Public cloud is a model where companies effectively rent space on a server shared with other businesses to store their data. The public cloud has the advantage of being scalable, but it can also be expensive and difficult to customize because companies don’t have control over the infrastructure where their data is stored.
Public cloud uses a utility pricing model where customers only pay for what they use, but unmonitored usage or sloppy setup can make public cloud use extremely expensive.
Private cloud is a model where companies store their data on private servers that are typically only shared with an internal network. Private clouds offer the advantage of being highly customized and private but can lack the scalability of public cloud is hosted on-premises.
A private cloud can also imply a server used by a single business rented from a cloud provider. These offer greater privacy with the scalability of a public cloud.
Private clouds are typically billed at a fixed rate, with the total price often determined by the number of CPUs and storage space required. Private cloud billing is typically not dependent on bandwidth usage like public clouds are.
Hybrid Cloud is a combination of Private and Public Clouds. Private cloud is hosted on-premises for greater privacy, while public clouds are used to tap into the scalability that they offer.
Organizations in industries such as education, government or finance may not want all their data housed in one location for reasons of security or regulatory compliance so will use hybrid solutions.
Hybrid cloud is a combination of public cloud and private cloud and will therefore consist of both billing models. The public side of the hybrid cloud will be billed at a utility rate whereas the private cloud will either be billed monthly if rented from a provider or cost in hardware upgrades and employee labor hours.
Compared to public clouds, and even hybrid clouds, private clouds offer a higher degree of control over what goes on in the cloud. Private clouds offer more flexibility for IT administrators to set performance, availability, and security policies than public clouds do.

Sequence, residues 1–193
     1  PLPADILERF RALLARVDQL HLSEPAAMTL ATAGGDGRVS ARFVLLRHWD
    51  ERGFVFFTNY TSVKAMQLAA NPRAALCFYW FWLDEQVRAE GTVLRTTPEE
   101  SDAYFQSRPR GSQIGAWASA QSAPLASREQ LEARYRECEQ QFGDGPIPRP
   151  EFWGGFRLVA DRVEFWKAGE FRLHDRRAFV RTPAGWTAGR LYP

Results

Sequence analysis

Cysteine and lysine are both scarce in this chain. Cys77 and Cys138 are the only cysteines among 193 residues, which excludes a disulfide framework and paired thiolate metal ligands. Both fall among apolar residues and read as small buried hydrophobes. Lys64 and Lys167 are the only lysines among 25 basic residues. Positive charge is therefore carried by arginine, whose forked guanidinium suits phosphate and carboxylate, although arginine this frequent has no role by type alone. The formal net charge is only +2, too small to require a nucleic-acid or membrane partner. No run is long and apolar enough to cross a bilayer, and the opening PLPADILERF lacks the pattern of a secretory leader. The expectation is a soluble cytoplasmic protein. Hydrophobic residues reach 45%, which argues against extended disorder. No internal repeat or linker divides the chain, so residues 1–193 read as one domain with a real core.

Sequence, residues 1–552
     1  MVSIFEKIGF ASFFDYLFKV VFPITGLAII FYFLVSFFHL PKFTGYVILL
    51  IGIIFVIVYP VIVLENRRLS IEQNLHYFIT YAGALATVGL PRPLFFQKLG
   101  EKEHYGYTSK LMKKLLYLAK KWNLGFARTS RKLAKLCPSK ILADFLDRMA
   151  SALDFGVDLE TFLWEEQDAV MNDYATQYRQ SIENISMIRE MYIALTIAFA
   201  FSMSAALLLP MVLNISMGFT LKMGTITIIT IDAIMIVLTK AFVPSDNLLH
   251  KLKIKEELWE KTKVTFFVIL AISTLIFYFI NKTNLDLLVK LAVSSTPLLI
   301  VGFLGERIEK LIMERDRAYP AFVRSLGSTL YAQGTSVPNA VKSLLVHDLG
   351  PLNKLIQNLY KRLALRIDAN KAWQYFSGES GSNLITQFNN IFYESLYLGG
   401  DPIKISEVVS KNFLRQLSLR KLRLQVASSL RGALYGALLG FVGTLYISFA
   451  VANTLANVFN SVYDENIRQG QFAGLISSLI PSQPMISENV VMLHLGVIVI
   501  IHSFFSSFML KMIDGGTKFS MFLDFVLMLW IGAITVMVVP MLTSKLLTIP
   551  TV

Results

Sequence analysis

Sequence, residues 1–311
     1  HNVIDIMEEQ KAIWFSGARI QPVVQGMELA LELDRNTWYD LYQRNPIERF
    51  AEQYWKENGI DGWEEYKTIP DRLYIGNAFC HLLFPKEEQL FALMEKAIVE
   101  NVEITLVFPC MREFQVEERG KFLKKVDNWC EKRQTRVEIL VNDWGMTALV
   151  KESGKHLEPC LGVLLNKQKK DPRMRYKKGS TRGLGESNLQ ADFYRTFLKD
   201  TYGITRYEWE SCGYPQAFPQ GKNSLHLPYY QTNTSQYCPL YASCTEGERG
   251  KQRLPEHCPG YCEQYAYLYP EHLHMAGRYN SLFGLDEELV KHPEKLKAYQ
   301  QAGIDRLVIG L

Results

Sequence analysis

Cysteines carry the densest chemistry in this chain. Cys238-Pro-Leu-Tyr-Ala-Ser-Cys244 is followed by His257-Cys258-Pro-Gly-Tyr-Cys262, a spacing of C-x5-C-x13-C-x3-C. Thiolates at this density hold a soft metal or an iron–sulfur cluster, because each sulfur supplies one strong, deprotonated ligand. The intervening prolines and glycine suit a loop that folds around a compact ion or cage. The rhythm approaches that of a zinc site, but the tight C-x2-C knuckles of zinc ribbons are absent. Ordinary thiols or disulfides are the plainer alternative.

With a private cloud, you also have data sovereignty which will allow customers to retain complete control over their own sensitive data without having it hosted outside its country of origin or any other location that does not meet regulatory requirements.
Private clouds offer the greatest flexibility and control in terms of customization. Private clouds allow IT administrators to choose the type of hardware, software, networks, and applications that will be used during its setup process. Private clouds offer complete flexibility for admins because they can make any adjustments or modifications necessary.
The greatest advantage private clouds have over their public counterparts is security. Only a single company has access to a private cloud meaning that other companies cannot peer into your business' data, whether intentional or not.
On-premises private clouds also provide the advantage of big public clouds like Amazon or Google not having access to your data.
It is much easier to meet strict compliance requirements for private clouds because private clouds can be designed to meet the specific compliance needs of your business, whereas public clouds cannot guarantee that they will have all the necessary certifications.
HIPAA for example requires that only a single company or entity have access to your data. Private clouds can confidently meet this requirement whereas public clouds either cannot meet this or will charge an astronomical amount of money for extra isolation.
Private Clouds offer the greatest consistency because they are not dependent on the resources of a shared environment. This means that other companies will not hog resources potentially causing your site or app to behave slowly. In a private cloud, RAM, CPU, and storage are dedicated to your company’s usage.
Private clouds bring a lot of privacy with them. They are only accessible to the company that owns them, and they can be set up in a way so nobody outside of your company can see inside. Private clouds also offer more data protection because others cannot access data without explicit permission.
Depending on the setup, private clouds can offer significant cost savings compared to both public and hybrid environments. Big public clouds like AWS, Google, or Azure charge very high rates and utility billing is hard to control effectively. Private clouds are either purchased outright and depreciated over years or cost a fixed monthly amount making them cheaper in the long run.
Without a doubt, private clouds offer the greatest performance. Private clouds typically offer much more powerful specifications such as scalable processors. These resources are also reserved only for your company rather than shared with others meaning you reap all the performance benefits.
Private clouds can even come in the form of dedicated or bare metal clouds which dedicate an entire server with cooling, resources, drives, and all only working for you.
To conclude, Private Clouds offer the best performance, reliability, and cost. Private clouds are an excellent option for most companies looking to keep their data safe and secure all while reducing cost.
But your business should also explore public clouds and hybrid clouds should those solutions better serve your businesses' needs.
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